Royal Navy, May 21, 2015 - The people of Cornwall came out in their thousands to wish 771 Naval Air Squadron a ‘Happy 76th Birthday’.
The eyes of Cornwall looked up between 10:30 – 12:00 as five Sea King helicopters from the Search and Rescue Squadron, based at Royal Naval Air Station Culdrose, flew in formation around the west coast of Cornwall.
The sixth aircraft due to fly was scrambled to two consecutive rescue missions just before the formation got airborne.
771 Squadron decided to celebrate its 76th year, by flying around the coast from Helston to Land's End, up to Newquay and over Truro, before flying back to the Lizard via Falmouth.
One of the main reasons for organising the event was to say thank you to the people of Cornwall for their continued support over the years. It will be the Squadron’s last birthday before it hands over its search and rescue duties at the end of the year.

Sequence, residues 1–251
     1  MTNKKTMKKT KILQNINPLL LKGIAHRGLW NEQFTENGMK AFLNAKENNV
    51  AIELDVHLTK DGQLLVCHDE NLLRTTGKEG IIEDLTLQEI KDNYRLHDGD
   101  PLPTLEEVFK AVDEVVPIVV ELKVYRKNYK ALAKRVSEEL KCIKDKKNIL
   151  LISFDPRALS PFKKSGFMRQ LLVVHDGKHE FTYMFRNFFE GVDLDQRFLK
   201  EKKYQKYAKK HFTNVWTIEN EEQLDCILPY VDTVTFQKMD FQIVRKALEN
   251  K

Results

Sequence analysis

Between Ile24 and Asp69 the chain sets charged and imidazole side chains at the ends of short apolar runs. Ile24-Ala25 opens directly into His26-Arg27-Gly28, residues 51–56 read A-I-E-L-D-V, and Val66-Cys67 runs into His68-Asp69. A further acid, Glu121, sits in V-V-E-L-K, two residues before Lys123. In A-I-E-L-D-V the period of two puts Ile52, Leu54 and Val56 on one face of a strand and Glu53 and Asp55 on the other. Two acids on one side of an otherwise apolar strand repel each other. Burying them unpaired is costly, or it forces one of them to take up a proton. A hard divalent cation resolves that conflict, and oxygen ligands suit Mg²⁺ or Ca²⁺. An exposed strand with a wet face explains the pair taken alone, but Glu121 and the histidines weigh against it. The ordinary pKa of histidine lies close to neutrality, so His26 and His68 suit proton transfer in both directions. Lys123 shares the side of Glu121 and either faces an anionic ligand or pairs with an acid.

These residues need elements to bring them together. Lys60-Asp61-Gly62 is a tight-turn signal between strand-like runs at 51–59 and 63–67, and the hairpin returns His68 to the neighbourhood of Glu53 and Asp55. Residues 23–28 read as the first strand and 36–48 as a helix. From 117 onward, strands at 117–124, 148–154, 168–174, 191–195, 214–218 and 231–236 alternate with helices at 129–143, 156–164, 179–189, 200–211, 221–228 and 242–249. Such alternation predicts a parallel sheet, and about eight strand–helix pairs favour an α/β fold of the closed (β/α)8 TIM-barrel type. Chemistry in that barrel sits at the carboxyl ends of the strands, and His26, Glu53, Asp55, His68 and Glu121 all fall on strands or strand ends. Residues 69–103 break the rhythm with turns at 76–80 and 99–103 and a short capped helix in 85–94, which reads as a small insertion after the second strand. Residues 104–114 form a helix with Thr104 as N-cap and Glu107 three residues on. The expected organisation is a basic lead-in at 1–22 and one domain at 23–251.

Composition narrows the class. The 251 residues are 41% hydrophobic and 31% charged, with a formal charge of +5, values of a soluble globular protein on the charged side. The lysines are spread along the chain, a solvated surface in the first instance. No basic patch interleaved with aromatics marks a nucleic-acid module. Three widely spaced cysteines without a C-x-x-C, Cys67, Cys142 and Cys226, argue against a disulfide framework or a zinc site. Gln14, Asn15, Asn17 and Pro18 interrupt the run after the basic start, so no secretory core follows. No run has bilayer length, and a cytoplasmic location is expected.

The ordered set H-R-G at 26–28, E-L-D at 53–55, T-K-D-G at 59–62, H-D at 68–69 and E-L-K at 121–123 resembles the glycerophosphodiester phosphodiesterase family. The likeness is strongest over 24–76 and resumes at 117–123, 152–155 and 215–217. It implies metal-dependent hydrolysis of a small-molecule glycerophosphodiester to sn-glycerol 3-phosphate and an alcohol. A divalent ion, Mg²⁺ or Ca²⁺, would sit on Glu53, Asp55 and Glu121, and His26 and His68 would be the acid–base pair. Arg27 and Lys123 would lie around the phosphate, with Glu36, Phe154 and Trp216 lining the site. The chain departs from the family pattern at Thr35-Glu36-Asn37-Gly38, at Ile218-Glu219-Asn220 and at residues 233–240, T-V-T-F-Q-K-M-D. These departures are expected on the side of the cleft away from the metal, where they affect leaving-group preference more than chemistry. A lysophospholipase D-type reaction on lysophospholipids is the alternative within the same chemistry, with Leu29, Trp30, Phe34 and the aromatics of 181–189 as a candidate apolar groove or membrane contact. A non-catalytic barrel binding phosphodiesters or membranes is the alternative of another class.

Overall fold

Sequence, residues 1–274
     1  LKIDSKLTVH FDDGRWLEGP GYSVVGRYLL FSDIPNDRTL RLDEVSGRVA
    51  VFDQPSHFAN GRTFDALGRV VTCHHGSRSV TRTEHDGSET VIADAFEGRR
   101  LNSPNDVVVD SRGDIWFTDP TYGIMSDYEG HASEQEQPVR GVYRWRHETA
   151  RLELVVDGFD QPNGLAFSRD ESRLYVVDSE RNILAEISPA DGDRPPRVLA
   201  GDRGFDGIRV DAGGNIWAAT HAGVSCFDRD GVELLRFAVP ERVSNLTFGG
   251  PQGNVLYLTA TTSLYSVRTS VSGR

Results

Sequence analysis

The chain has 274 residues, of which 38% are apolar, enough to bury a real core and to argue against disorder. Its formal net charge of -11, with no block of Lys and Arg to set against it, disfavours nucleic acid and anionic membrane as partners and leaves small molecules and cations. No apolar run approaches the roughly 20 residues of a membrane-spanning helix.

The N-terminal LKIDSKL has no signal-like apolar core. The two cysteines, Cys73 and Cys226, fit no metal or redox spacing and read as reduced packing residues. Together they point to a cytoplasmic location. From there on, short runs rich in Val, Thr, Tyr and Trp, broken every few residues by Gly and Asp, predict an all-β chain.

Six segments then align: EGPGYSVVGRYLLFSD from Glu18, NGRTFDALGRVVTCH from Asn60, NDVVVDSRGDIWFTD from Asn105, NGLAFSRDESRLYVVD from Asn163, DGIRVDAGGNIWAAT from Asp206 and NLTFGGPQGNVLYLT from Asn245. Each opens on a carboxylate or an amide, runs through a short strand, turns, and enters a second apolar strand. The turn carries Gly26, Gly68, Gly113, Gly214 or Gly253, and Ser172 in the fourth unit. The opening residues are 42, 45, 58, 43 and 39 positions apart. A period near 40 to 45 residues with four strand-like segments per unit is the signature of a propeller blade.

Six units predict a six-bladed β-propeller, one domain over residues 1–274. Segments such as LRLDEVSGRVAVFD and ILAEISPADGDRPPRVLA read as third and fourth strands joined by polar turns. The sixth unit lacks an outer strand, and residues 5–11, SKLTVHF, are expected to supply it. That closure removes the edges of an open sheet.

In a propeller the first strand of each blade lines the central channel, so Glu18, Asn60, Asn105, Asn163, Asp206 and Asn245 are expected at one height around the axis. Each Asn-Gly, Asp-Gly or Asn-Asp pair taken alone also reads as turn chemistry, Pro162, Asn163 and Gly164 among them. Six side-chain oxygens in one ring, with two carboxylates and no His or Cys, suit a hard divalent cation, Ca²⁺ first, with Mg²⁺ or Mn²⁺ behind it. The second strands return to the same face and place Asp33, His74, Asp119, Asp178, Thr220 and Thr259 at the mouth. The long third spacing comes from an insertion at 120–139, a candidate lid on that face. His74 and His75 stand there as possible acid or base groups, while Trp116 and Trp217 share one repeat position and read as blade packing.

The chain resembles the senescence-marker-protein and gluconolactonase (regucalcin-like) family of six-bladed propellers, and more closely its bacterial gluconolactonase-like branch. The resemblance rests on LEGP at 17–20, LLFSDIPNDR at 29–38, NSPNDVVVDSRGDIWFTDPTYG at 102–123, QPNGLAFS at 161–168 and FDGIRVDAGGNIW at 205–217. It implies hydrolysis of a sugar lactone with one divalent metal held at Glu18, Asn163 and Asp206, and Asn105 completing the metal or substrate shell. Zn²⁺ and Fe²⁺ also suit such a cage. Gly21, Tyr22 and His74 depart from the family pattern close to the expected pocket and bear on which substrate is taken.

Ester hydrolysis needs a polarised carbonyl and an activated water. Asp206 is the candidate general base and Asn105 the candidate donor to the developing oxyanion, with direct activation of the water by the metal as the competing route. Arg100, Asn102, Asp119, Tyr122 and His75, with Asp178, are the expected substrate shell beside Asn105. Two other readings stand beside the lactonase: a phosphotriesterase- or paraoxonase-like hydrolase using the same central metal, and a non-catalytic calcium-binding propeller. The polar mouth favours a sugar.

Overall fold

The five four-man crews were extremely touched by the number of people who made the effort to come out and give them a wave during their 150 mile tour of the coast.
Over the years, 771 Naval Air Squadron has lived up to its motto ‘non nobis solum - not unto us alone’. At 15 minutes notice by day and 45 minutes by night (although they usually get airborne in less), the Squadron is capable of operating within a 200 nautical mile radius of RNAS Culdrose.
They carry out over 200 rescues a year, ranging from plucking sailors from sinking ships, to airlifting casualties of road traffic accidents to hospital and assisting the police in carrying out aerial searches for missing people.
Every year they save many lives in some of the most hazardous conditions imaginable, often putting their own lives at risk.
Their assistance to mariners in distress has gained them much recognition, awards and bravery medals (such as, famously, the Fastnet race of 1979, Boscastle Floods in 2004, the MSC Napoli in January 2007 and more recently the Panamera and La Sillon).
A busy Engineering Team works hard to keep the Sea King helicopters ready to fly when the emergency demands, one available for tasking and a second on the Culdrose tarmac ready to join it in the skies if necessary.
Artist Peter Poland immortalized this moment in artwork which you can find at https://www.peterpoland.com/shop